Energy storage site potential boon for Utah

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SALT LAKE CITY (AP) — A proposed $1.5 billion energy storage site in rural Utah that is part of a larger, ambitious clean energy initiative would be an economic boon to the state and could potentially make the area a hub for similar projects, state officials said Wednesday.

The Millard County facility about 130 miles southwest of Salt Lake City would be a lynchpin in an $8 billion power project that would start with turbines on a huge wind farm in Wyoming and end with enough electricity for over 1 million households in Southern California.

In Utah, they would build four vertical caverns that go one-quarter of a mile deep into the earth in a compressed air energy storage system, according to plans released this week by four companies trying to make the proposal into a reality in the next decade.

The project faces several hurdles, including years of regulatory reviews. It also would depend on making agreements to sell the power that would be essential to secure financing to build it.

If it comes to fruition, the project could have as much as a $3.5 billion economic impact for Utah, factoring in the construction of the facility and construction of parts of a 525-mile electric transmission line cutting across several Western states, said Jeffrey Barrett, assistant director of the Utah Office of Energy Development.

Val Hale, executive director of the Utah Governor's Office of Economic Development, said that kind of an impact would be transformational for Millard County, home to 13,000 residents and known for its dairy farms and coal-powered plant that generates electricity for Los Angeles County.

"Anytime you have a project of that magnitude, especially in rural Utah, it would huge," Hale said. "It would be one of the biggest projects in rural Utah in years."

The storage facility would be near the largest city in the county: Delta City, home to 3,500 residents. The small city is located nearby a reservoir popular for recreation and close to a World War II Japanese internment camp.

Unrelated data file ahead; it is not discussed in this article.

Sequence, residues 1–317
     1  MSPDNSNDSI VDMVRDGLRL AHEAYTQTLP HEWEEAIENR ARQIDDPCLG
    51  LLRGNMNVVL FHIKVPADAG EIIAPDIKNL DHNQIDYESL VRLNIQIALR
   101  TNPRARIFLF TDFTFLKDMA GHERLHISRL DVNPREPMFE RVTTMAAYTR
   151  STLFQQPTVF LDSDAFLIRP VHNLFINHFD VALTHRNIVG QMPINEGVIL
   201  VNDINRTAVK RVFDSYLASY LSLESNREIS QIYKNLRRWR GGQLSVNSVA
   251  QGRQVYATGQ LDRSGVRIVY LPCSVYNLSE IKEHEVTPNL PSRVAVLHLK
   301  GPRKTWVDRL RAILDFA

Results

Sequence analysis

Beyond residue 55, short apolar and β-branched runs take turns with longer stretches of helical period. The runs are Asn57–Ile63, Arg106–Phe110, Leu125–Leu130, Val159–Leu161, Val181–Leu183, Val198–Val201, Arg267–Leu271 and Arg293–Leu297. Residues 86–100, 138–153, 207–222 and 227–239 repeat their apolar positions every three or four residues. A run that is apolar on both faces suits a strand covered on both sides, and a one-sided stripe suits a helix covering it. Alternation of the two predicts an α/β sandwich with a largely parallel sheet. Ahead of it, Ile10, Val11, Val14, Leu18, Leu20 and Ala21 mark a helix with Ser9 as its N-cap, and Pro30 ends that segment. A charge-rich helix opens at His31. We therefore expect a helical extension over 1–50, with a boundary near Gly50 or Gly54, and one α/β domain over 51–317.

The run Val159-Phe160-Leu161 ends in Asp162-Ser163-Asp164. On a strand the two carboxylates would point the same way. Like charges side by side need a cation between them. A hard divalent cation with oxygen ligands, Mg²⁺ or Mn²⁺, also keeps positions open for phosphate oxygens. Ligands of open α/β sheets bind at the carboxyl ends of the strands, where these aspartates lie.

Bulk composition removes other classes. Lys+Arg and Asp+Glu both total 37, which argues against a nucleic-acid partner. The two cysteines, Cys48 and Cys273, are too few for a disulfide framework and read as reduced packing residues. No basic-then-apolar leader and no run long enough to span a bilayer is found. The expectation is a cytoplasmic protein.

Gayle Bunker, a lifelong resident and mayor of Delta, said he doesn't know any of the details but said he sees only positives in Magnum Energy building more power storage facilities in the area.

The project would bring significant tax revenue and likely create dozens of jobs — enough to be significant for the sparsely populate county, Barrett said.

"But what's really valuable about it is this: It provides an interconnection point right there at Delta, and it provides a great opportunity to development more renewable energy around that site," Barrett said. "It would likely be solar."

Magnum has already built two caverns in an underground salt deposit at the site that are being used to store propane and butane. For this project, they would be starting from scratch, carving out four new caverns.

If and when the project is green-lit, it would still take years to construct the caverns and to get all the state permits necessary.

The enormous underground salt deposit is an unusual geological feature onshore in the U.S, said Magnum spokesman Rob Webster. The petroleum industry has excavated similar deposits under the Gulf of Mexico to store natural gas, he said.

"We just have found a very rare salt, geographically, that can be developed much like the Gulf caverns," Webster said. "We've always envisioned an energy hub at this location just because the salt is there, and its proximity to electric infrastructure that's literally across the highway at the Intermountain power plant."


Associated Press writer Mead Gruver in Cheyenne, Wyoming, contributed to this report.

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